In regard to the paces, I am not all that sure because I have made a point to not have specific markers in terms of 400, 800, mile and so on, rather I have check points to know how the effort is in context to pace. However I try to not check them when I'm not feeling great as it will irritate me and make me push harder. I run my afternoon efforts purely by effort and that is why I avoid the splits. That being said I would guess I run in the 5:30-5:50 range on average give or take 10 seconds on a good or bad day.
CK: Sounds organic. Is the feeling-based tempo run a Jerry Schumacher thing?
CS: These runs are more of supplemental runs to the whole plan that Jerry plans for me, and therefore he has nothing to do with the effort or distance of these runs. I have been doing these types of supplemental runs (afternoon runs/doubles) ever since high school. When you run on your own you become much more in-tune to your body and how it reacts to certain paces. For example, when I push hard on those days I get more used to pushing that pain threshold and being at that threshold-line teaches my body familiarity to that pain so in races when I am riding the red line it is not foreign and I can hold it longer. This may all be in my head, but I feel it helps me.
CK: Running Times Magazine produced an article commenting on your 'huge aerobic base' and according to the article, that is why you are running so well. Yet you suggested that you might have over-trained as a youth. What indicators are there of your apparent over-training?
CS: I don't know if I would call it over-training while I was in high school as much as I got really lucky because I did not train intelligently and luckily because I am a bigger, sturdier runner I got away with it, while other athletes would get hurt. There definitely were times that I would be so fatigued that I was forced to back off, so if there was any over-training happening that was it. Again, I did not get hurt I just got worn down and had to take it easy for a week or two to recoup. This happens to me one or two times each year where I just get a little bit too greedy about volume and intensity and I have to take a step back for a little bit to let my body catch up. I think the Pre Classic was a product of this as I came back from Oslo super motivated to train hard and reach another level; I just over-did it the weeks leading up to Pre.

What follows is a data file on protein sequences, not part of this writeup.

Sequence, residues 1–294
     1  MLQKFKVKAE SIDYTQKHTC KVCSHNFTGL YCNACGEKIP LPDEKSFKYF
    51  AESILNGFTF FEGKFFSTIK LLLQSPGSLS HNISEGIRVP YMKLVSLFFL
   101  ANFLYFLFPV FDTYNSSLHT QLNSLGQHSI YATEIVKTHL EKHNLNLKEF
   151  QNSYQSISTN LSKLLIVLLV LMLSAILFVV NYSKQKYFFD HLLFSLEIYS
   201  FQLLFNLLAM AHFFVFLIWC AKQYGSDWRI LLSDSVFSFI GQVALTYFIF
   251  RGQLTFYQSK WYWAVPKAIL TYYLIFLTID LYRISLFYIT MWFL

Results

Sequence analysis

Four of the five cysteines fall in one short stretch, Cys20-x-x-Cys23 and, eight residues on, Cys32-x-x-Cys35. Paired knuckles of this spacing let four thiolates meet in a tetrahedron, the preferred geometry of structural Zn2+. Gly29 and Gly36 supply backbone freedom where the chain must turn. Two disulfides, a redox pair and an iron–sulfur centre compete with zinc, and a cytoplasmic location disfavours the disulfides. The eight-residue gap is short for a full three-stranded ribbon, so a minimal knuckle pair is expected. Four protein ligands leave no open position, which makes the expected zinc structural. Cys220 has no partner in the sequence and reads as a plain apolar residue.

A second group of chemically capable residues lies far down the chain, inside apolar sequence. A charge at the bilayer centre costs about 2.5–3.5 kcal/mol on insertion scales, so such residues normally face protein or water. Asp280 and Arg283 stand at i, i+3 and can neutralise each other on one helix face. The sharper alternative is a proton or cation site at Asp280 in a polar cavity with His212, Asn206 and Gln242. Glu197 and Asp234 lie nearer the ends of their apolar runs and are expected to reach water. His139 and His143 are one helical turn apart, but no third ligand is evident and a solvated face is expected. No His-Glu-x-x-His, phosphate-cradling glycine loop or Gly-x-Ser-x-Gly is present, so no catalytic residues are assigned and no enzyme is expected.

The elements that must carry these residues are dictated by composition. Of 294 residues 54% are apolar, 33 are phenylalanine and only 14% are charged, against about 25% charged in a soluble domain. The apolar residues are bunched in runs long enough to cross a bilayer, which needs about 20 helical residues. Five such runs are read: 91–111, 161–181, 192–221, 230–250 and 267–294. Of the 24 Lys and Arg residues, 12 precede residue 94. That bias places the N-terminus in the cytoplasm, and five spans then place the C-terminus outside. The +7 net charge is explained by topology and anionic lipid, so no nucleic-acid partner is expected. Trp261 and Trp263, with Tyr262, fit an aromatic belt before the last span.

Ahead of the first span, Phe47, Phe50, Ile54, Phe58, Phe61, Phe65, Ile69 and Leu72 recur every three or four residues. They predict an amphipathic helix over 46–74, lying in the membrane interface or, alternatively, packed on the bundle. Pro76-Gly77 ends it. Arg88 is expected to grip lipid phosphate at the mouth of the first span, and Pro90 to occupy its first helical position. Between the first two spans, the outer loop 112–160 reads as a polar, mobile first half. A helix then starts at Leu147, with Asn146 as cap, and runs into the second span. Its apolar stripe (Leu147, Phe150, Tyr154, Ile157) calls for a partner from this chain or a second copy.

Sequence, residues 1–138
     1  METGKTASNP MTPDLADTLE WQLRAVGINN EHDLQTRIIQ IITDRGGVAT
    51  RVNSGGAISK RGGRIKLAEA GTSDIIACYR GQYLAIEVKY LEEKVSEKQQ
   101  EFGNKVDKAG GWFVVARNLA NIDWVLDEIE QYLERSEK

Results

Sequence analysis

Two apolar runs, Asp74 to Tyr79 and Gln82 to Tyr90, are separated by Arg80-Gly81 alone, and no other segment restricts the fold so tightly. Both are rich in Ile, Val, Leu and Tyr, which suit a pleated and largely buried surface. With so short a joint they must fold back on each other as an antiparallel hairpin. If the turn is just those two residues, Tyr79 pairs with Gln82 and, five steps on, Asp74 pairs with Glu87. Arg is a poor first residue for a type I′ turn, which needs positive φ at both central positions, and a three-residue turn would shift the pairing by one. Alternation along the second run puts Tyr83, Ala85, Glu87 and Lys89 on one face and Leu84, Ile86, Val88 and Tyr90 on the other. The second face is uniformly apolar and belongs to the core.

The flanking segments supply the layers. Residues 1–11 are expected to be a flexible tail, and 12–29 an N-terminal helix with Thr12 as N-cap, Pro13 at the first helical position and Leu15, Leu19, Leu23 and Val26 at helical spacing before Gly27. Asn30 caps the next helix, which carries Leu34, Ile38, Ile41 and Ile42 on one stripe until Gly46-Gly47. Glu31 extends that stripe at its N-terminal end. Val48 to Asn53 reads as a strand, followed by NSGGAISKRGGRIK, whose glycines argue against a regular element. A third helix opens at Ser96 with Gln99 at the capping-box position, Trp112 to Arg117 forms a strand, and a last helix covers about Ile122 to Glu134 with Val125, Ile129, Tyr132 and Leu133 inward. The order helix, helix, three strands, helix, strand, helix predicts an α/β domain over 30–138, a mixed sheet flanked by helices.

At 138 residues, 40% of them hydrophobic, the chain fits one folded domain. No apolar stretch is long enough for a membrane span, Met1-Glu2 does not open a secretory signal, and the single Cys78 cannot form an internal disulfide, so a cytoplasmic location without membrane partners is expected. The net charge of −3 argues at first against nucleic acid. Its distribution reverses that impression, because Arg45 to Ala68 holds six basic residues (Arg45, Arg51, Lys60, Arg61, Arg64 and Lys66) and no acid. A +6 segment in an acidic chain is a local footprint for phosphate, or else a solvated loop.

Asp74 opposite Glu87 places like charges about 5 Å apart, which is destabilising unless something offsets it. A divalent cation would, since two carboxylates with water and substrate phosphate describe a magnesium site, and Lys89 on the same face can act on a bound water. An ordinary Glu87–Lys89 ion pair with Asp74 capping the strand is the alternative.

CK: Interesting that you opened your recent 5000m personal best race (12:56.66) at Bislett with a 2:32km and finished the race with a final 2:32km. Do you think if the race opened a little slower you would have run any faster in the end?
CS: Well I think that if it went out slower and we kept the pace consistent I may have been able to run faster, but I did close in 56, so I had running left at the end, I just doubted myself with 600 to go to get into better position. I am still kicking myself about that today. I feel that if we would have kept the pace more honest after 3k and leading to 4k (2:39) I could have gotten a few more seconds out of myself, but hopefully I will be able to get that kind of race later this summer when I finally get to come down in training and really let it rip.
CK: After the Pre meet and towards racing again - later this summer - are you running any specialized phase to refresh the aerobic system and get in the required quality so you will be ready, to let her rip?